2. Carregando projetos

Dica

Os trechos de código desta página precisam das seguintes importações se você estiver fora do console do pyqgis:

1from qgis.core import (
2    QgsProject,
3    QgsPathResolver
4)
5
6from qgis.gui import (
7    QgsLayerTreeMapCanvasBridge,
8)

Às vezes, você precisa carregar um projeto existente a partir de um complemento ou (com mais frequência) ao desenvolver um aplicativo QGIS Python independente (veja: Aplicações Python).

Para carregar um projeto no aplicativo QGIS atual, você precisa criar uma instância da classe QgsProject. Esta é uma classe singleton, portanto você deve usar o método instance() para fazer isso. Você pode chamar o método read(), passando o caminho do projeto a ser carregado:

 1# If you are not inside a QGIS console you first need to import
 2# qgis and PyQt classes you will use in this script as shown below:
 3from qgis.core import QgsProject
 4# Get the project instance
 5project = QgsProject.instance()
 6# Print the current project file name (might be empty in case no projects have been loaded)
 7# print(project.fileName())
 8
 9# Load another project
10project.read('testdata/01_project.qgs')
11print(project.fileName())
testdata/01_project.qgs

Se você precisar fazer modificações no projeto (por exemplo, adicionar ou remover algumas camadas) e salvar suas alterações, chame o método write() da sua instância do projeto. O método write() também aceita um caminho opcional para salvar o projeto em um novo local:

# Save the project to the same
project.write()
# ... or to a new file
project.write('testdata/my_new_qgis_project.qgs')

Ambas as funções read() e write() retornam um valor booleano que você pode usar para verificar se a operação foi bem sucedida.

Nota

Se você estiver escrevendo um aplicativo independente do QGIS, para sincronizar o projeto carregado com a tela, é necessário instanciar uma :class:QgsLayerTreeMapCanvasBridge <qgis.gui.QgsLayerTreeMapCanvasBridge> `como no exemplo abaixo:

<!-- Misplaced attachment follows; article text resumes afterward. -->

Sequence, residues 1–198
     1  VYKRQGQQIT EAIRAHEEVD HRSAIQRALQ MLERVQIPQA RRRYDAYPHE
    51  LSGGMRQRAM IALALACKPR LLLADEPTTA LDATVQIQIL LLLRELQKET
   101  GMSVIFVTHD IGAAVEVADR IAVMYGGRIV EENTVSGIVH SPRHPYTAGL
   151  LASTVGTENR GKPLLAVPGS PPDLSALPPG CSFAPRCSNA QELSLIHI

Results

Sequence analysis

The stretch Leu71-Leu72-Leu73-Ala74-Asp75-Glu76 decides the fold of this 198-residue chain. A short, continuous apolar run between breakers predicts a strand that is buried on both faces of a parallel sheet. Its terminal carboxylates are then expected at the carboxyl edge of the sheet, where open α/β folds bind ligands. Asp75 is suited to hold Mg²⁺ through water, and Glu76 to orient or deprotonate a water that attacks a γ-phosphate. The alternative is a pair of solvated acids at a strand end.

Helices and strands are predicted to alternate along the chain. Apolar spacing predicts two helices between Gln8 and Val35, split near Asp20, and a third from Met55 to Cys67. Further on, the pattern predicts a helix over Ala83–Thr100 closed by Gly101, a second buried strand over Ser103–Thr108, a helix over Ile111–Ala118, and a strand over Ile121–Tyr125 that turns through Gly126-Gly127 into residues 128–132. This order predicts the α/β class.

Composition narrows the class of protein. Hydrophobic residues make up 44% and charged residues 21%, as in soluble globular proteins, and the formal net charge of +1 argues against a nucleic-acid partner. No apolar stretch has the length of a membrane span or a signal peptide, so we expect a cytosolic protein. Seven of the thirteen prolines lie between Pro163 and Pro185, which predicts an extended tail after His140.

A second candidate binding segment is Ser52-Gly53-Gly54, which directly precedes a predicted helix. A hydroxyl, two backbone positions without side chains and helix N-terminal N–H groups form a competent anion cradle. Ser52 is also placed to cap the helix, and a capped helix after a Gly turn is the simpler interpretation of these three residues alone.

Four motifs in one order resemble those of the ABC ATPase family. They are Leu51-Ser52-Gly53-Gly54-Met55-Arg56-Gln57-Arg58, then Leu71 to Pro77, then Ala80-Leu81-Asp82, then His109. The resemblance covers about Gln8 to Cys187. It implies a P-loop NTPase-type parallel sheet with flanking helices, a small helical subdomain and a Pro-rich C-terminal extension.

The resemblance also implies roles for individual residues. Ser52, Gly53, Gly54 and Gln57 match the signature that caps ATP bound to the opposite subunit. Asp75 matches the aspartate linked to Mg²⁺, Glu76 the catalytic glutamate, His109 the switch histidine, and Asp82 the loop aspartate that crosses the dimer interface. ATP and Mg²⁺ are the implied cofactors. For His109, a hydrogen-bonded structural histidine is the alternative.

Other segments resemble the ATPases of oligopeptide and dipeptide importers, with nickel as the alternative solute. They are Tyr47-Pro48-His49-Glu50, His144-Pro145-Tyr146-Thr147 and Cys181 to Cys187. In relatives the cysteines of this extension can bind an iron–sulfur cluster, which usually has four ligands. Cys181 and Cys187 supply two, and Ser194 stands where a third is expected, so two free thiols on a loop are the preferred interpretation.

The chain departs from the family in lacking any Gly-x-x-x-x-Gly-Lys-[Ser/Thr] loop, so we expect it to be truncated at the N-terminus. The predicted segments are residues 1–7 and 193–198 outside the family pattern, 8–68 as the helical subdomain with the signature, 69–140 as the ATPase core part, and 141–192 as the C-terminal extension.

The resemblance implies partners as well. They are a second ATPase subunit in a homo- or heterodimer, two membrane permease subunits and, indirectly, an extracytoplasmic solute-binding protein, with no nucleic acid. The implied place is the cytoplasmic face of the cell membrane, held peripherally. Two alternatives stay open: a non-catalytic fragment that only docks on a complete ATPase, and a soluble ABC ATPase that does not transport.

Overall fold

bridge = QgsLayerTreeMapCanvasBridge( \
         QgsProject.instance().layerTreeRoot(), canvas)
# Now you can safely load your project and see it in the canvas
project.read('testdata/my_new_qgis_project.qgs')

2.1. Resolving bad paths

It can happen that layers loaded in the project are moved to another location. When the project is loaded again all the layer paths are broken. The QgsPathResolver class helps you rewrite layers path within the project.

Its setPathPreprocessor() method allows setting a custom path pre-processor function to manipulate paths and data sources prior to resolving them to file references or layer sources.

The processor function must accept a single string argument (representing the original file path or data source) and return a processed version of this path. The path pre-processor function is called before any bad layer handler. If multiple preprocessors are set, they will be called in sequence based on the order in which they were originally set.

Some use cases:

  1. replace an outdated path:

    def my_processor(path):
        return path.replace('c:/Users/ClintBarton/Documents/Projects', 'x:/Projects/')
    
    QgsPathResolver.setPathPreprocessor(my_processor)
    
  2. replace a database host address with a new one:

    def my_processor(path):
        return path.replace('host=10.1.1.115', 'host=10.1.1.116')
    
    QgsPathResolver.setPathPreprocessor(my_processor)
    
  3. replace stored database credentials with new ones:

    1def my_processor(path):
    2    path= path.replace("user='gis_team'", "user='team_awesome'")
    3    path = path.replace("password='cats'", "password='g7as!m*'")
    4    return path
    5
    6QgsPathResolver.setPathPreprocessor(my_processor)
    

Likewise, a setPathWriter() method is available for a path writer function.

An example to replace the path with a variable:

def my_processor(path):
  return path.replace('c:/Users/ClintBarton/Documents/Projects', '$projectdir$')

QgsPathResolver.setPathWriter(my_processor)

Both methods return an id that can be used to remove the pre-processor or writer they added. See removePathPreprocessor() and removePathWriter().

2.2. Using flags to speed up things

In some instances where you may not need to use a fully fonctionnal project, but only want to access it for a specific reason, flags may be helpful. A full list of flags is available under ReadFlag. Multiple flags can be added together.

As an example, if we do not care about actual layers and data and simply want to access a project (e.g. for layout or 3D view settings), we can use FlagDontResolveLayers to bypass the data validation step and prevent the bad layer dialog from appearing. The following can be done:

readflags = QgsProject.ReadFlags()
readflags |= QgsProject.FlagDontResolveLayers
project = QgsProject()
project.read('C:/Users/ClintBarton/Documents/Projects/mysweetproject.qgs', readflags)

To add more flags the python Bitwise OR operator (|) must be used.